San Francisco’s Compton’s Cafeteria used to be a safe space for LGBTQ+ youth. But when its gay manager died, his replacement hired security guards to harass patrons in one of the few places they could feel welcome. So, three years before Stonewall, an uprising sparked.
On July 18, 1966, trans youth, sex workers, drag queens, and other patrons led a two-hour picket. And when management called the police on them a month later, chaos broke out. One trans woman threw coffee at a violent cop. Others struck officers’ faces with weighty pocketbooks.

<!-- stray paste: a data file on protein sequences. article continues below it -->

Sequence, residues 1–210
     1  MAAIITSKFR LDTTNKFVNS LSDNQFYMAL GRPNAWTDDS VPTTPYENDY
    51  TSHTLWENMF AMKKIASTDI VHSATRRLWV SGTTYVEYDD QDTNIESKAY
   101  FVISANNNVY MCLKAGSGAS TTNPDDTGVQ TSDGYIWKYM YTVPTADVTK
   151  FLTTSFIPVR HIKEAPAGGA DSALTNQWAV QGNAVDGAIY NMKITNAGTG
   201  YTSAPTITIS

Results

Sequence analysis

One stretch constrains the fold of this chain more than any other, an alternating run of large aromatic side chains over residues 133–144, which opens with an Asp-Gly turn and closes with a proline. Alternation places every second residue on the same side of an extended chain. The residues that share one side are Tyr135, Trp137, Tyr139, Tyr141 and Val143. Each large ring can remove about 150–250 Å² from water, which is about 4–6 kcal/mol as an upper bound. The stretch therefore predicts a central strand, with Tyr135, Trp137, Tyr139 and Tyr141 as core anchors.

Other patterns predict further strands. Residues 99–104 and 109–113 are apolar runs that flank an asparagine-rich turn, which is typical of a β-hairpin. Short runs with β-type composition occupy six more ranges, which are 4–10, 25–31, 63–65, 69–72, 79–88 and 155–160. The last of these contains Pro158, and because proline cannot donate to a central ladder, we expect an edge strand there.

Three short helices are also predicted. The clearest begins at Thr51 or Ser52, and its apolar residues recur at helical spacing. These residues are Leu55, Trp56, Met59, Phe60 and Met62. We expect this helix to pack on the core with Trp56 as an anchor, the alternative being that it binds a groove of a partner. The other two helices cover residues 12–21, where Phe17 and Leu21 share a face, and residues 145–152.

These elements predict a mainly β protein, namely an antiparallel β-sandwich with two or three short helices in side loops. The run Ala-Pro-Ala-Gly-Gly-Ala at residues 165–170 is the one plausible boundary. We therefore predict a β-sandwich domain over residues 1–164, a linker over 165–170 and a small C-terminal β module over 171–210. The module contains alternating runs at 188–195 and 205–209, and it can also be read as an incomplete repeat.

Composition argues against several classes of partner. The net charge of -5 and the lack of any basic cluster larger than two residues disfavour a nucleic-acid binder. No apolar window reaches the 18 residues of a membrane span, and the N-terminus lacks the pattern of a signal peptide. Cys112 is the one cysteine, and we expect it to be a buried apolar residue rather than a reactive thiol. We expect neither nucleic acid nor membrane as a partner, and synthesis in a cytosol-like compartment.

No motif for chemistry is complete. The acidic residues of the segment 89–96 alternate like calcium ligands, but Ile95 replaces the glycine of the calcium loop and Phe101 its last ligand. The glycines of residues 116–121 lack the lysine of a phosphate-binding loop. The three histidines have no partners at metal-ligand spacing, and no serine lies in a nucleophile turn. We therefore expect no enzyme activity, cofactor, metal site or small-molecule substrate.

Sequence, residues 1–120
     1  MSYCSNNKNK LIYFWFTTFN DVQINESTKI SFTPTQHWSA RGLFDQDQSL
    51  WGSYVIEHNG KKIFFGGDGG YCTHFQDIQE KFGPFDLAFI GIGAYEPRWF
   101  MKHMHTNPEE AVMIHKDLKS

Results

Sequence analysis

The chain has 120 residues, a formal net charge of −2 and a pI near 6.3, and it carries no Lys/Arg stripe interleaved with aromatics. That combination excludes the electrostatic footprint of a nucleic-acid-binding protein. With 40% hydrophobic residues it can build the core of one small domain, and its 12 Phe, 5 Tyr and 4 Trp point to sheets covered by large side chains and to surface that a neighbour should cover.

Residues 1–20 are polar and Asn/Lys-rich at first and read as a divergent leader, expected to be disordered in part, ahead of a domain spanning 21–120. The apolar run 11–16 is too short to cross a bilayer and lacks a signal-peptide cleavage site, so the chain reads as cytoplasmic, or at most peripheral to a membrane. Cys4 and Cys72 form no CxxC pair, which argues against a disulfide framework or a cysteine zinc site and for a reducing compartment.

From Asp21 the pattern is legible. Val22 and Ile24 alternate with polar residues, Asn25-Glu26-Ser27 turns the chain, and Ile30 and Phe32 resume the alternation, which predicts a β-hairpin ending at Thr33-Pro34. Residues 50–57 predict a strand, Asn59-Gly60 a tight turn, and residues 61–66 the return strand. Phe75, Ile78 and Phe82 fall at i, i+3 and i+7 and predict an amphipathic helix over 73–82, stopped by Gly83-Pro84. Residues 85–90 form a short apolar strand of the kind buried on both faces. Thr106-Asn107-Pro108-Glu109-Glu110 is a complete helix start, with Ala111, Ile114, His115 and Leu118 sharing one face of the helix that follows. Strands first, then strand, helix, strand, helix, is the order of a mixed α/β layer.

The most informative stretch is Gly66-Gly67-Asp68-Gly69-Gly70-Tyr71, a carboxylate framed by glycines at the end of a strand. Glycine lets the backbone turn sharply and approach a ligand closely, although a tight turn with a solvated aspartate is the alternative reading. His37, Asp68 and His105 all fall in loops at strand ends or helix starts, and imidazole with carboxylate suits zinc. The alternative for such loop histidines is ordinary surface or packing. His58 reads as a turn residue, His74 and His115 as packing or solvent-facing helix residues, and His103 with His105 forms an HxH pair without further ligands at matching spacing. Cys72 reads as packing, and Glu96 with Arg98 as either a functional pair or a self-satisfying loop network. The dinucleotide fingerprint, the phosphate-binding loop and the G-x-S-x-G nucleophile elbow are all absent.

They broke windows, smashed police cars, and came back the next night to do it again!
51 years later, Aria Sa’id, Janetta Johnson, and Honey Mahogany stepped up to make the history of this uprising known. These Black trans women founded the first legally recognized trans district in the WORLD, right near where Compton’s used to be.
The district aims to combat gentrification and displacement, integrate job training and trans-owned businesses, and work with historical preservationists for trans history. “You treated … [Black trans people] like shit for many, many, many years,” said Johnson. “Now, we need ownership.”
Building community and resisting oppression like Compton’s protesters isn’t just a thing of the past. Like the women behind this district, we must continue to honor our ancestors by fighting that same fight!